Written by Pauline Wallin, Ph.D.


By Pauline Wallin, Ph.D. Author, "Taming Your Inner Brat: A Guide for Transforming Self-defeating Behavior"

The perfect card,repparttar perfect gift,repparttar 126171 perfect date . . . Isn't there enough pressure in relationships without having to live up to some romantic ideal on Valentine's Day?

This is not howrepparttar 126172 celebration of February 14 started out. Its origins stem from Pagan and Christian history. Back then there were feasts celebrating fertility, and later there was recognition of St. Valentine (whose actual existence is questioned by some experts) who secretly performed marriage ceremonies for soldiers whenrepparttar 126173 emperor had forbidden it. But there were no TV commercials depicting models with perfect bodies and perfect teeth giving each other chocolates and back rubs. Valentine's Day back then was not a test of how good a lover you were.

Modern relationships are difficult enough without having to stage a major performance on a designated day. Men agonize overrepparttar 126174 greeting card racks, hoping that they can choose a card that is not too funny, not too mushy. Andrepparttar 126175 gift: how will she interpret it? If I buy her chocolates will she think I want her to get fat? If I don't buy her chocolates will she think I assume she is fat? Isrepparttar 126176 gift too extravagant? Is it too impersonal? Are roses too predictable?

This is not what love is all about. Love is much more complex than flowers and chocolates. Social psychologists have been studying interpersonal attraction and love for almost four decades, and they still haven't figured it out completely. What is known, however, is that love relationships are multi dimensional. Sexual attraction, or what some people call "chemistry" is only one ingredient of a love relationship, and often not evenrepparttar 126177 most important one.

Distinctions have been made between passionate love and companionate love. Passionate love is an intense longing forrepparttar 126178 other person. It is accompanied by extreme feelings: ecstasy when things are going well, and despair when things are rocky. Passionate love is also characterized by physical sensations, such as rapid heartbeat and "butterflies" inrepparttar 126179 stomach.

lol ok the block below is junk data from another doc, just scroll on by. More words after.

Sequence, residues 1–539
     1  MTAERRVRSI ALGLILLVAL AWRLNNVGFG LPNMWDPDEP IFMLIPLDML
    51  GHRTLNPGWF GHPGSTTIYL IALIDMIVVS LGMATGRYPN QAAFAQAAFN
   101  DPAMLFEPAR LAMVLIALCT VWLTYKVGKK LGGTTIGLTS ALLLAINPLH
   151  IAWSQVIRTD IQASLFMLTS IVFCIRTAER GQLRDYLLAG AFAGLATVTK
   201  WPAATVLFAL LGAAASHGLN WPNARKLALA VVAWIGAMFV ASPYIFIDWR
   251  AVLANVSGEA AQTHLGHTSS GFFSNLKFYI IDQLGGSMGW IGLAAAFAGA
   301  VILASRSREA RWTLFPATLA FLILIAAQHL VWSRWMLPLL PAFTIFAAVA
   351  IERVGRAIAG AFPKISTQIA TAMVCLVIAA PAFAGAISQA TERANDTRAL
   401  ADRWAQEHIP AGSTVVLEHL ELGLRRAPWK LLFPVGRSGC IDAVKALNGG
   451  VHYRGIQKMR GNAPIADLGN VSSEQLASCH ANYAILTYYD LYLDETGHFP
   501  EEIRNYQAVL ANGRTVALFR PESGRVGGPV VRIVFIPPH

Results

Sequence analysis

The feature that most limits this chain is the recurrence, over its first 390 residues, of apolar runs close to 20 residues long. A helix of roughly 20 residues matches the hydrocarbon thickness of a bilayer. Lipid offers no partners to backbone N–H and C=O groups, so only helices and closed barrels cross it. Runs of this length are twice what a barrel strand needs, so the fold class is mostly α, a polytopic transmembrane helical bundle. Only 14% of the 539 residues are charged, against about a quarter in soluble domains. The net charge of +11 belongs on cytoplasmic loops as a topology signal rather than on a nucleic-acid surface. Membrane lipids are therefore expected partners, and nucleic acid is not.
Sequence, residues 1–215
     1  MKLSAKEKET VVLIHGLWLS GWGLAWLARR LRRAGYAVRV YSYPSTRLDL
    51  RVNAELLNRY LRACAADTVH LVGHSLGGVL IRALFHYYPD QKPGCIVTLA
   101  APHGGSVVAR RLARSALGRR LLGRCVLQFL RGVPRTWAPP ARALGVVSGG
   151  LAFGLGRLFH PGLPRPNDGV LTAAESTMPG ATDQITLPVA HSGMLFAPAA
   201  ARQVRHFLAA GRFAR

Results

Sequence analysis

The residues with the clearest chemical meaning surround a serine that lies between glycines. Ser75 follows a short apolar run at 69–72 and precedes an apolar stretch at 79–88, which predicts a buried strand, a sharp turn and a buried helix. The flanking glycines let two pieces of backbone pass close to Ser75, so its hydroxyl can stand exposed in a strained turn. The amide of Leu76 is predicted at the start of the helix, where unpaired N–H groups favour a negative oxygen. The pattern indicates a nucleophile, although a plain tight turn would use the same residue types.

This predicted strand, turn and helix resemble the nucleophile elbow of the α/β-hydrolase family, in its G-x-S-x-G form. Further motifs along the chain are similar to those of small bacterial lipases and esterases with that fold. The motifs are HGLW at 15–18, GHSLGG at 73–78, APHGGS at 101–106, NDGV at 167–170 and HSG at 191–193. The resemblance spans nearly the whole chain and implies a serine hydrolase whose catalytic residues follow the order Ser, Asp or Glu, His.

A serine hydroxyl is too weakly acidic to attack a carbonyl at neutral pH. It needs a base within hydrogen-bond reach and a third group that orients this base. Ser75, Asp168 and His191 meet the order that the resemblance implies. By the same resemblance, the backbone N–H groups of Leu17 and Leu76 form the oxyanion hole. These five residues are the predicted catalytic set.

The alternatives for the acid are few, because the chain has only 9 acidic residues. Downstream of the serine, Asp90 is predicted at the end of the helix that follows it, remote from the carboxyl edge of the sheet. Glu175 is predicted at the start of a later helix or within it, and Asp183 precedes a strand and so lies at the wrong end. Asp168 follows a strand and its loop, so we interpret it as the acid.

Discerning The Loving Heart

Written by Margaret Paul, Ph.D,

The following article is offered for free use in your ezine, print publication or on your web site, so long asrepparttar author resource box atrepparttar 126170 end is included, with hyperlinks. Notification of publication would be appreciated.

Title: Discerning The Loving Heart Author: Margaret Paul, Ph.D. E-mail: Copyright: © 2003 by Margaret Paul Web Address: Word Count: 663 Category: Relationships


How often have you hadrepparttar 126171 experience of connecting with someone – a friend or a potential partner – who turns out to be an uncaring person? At first you think this is a really good person, and then downrepparttar 126172 line you discover thatrepparttar 126173 person is self-centered, narcissistic, angry and uncaring. You wonder how you could be so wrong, and what can you do differently next time?

I have discovered in my 35 years of counseling that people seem to decide very early in their lives whether or not they want to care about and have compassion for others’ feelings. As a result, people have different levels ofrepparttar 126174 willingness to feel others’ feelings. Some of us deeply feel others’ pain and joy, while other people don’t. Some people can recall caring about others’ pain and joy from a very young age, while other people remember being concerned mostly with their own feelings and needs.

The people who have chosenrepparttar 126175 deeper level of compassion are oftenrepparttar 126176 ones that becomerepparttar 126177 caretakers, whilerepparttar 126178 less compassionate people becomerepparttar 126179 takers. Caretakers are people who have learned to take responsibility for others’ feelings and well-being, while takers are people who expect others to take responsibility for their feelings and well-being and often blame others when they don’t take on this responsibility.

If you are a compassionate person who easily feels others’ feelings, you might find yourself drawn to people who are in pain. Your compassionate heart naturally wants to help those people who are in pain, not only out of caring, but also because their pain is painful to you. The problem is that this person might not care about your feelings as much as you care about his or hers.

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